I often do something of an impersonation of Mark Twain. Reports, I argue, of the death of linear TV are exaggerated.
Of course there is an important qualification here.
I make a complete distinction between major channels like BBC One and ITV 1 and smaller channels – especially niche channels.
This week came news of the closure of a few niche linear services. It will soon be goodbye to Tiny Pop and Channel 4’s suite of music channels.
Channel 4 has also said it may close other channels in the future and regards itself as “ahead of the curve” on the move online.
There’s no need to lose sleep over small commercial channels. It’s quite simple – if a channel isn’t making money it has no future, just like any other business.
Channel 4 has always regarded its broader suite of channels as commercial operations – even though, for instance, Film4 retains the capacity to surprise with some of its choices and More4 includes some thoughtful material.
The inevitable question is how much longer they will survive for as linear services.
If I were a betting man, I would suggest the two of Channel 4’s spin-off channels which are likely to disappear first are 4Seven and E4 Extra.
Both get modest ratings and are broadcast on commercial capacity on Freeview – not Channel 4’s gifted space.
Channel 4 has particular reasons for being keen to focus on on-demand. It has particular responsibilities towards the young.
Channel 4 itself doesn’t have the special ability of the BBC and ITV 1 to bring disparate groups of people together – historically, its very point was to serve the audience as individuals.
Ofcom is considering whether to allow Channel 4 to focus its resources on a smaller number of commissions which make more impact.
I really cannot imagine Channel 4 ceasing to exist as a linear service in the foreseeable future even if we are likely to continue to see more and more of its content appearing on-demand first.
And with the spin-off channels, it’ll depend on money. When they consistently lose money it will be bye bye.
Of course, there is no doubt the number of linear services will continue to thin out: the BBC is still expected to close BBC Four and CBBC as linear services at some point soon although no date has been announced.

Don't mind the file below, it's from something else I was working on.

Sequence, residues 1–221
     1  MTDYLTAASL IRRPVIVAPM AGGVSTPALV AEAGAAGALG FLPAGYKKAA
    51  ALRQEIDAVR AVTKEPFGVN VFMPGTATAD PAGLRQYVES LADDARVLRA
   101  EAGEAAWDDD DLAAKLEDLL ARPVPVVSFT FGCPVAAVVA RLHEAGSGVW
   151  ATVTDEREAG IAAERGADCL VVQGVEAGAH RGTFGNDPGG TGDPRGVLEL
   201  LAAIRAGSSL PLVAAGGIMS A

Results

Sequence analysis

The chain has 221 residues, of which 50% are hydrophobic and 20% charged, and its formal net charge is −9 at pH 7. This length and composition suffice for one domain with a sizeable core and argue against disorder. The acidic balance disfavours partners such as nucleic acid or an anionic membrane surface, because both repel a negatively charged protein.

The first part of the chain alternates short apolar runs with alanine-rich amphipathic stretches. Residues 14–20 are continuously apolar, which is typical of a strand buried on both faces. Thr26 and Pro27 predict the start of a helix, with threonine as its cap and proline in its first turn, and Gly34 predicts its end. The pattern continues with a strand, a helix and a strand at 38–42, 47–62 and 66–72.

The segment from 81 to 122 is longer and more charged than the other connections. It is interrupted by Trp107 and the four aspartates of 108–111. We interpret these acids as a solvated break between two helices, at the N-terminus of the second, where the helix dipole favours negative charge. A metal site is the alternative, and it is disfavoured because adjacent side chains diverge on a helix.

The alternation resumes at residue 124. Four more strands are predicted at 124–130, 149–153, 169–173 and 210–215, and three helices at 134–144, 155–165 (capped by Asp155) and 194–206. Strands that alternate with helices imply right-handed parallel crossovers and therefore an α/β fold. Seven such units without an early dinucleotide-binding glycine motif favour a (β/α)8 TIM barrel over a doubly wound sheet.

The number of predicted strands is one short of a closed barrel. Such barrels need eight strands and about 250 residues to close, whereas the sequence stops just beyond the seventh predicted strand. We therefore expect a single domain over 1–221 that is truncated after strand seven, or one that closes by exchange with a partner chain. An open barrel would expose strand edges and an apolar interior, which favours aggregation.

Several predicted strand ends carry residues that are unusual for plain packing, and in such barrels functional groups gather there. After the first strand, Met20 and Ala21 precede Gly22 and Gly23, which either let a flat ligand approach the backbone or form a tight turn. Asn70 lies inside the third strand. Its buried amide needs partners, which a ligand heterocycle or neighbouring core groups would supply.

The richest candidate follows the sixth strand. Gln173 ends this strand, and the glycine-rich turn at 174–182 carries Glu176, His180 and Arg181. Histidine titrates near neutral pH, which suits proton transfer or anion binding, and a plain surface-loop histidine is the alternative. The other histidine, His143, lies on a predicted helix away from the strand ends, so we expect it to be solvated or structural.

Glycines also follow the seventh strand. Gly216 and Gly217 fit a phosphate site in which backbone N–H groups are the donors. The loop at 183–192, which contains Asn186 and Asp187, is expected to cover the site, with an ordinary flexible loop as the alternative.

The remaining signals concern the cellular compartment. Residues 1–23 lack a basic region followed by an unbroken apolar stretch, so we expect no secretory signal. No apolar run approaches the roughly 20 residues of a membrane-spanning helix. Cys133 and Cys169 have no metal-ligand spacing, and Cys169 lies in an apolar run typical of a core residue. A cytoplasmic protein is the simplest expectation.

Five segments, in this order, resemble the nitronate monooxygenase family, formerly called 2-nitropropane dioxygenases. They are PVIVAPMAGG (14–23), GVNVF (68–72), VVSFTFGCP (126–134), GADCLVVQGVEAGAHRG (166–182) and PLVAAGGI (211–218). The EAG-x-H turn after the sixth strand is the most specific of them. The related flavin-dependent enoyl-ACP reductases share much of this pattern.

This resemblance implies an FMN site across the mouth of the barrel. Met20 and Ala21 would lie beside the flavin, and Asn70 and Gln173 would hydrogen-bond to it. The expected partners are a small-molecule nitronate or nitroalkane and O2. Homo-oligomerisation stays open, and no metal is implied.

In a funny kind of way though, might having fewer linear channels help protect the major ones?
If you have fewer channels to choose between, might some people simply watch more on those which remain?
Incidentally it was interesting to note the concerns of some MPs over the future of Freeview – it’s role in areas where the quality of reliability of broadband is unsatisfactory should not be understated.
Personally though I am relaxed about the threat of closure.
As long as it is watched by a significant proportion of the audience it will be safe.
Any move online would require years of work – a huge amount of support would need to be offered to people who don’t use the internet or live in areas with inadequate internet coverage. It will be interesting to see whether Freely – the new way of watching TV online – takes off.
For now, any prospect of “turning off TV” would be a guaranteed vote loser.
You only need to look at the BBC’s caution over closing Radio 4 LW (although separate programmes end shortly) and 5 Live MW to realise how a public service broadcaster must take accessibility seriously.
Still let’s make a distinction between linear channels and how they are distributed – if DTT is superseded, that is no different to the end of 405-line or UHF analogue.
PICTURED: Channel 4 break bumper. COPYRIGHT: Channel 4 Television Corporation.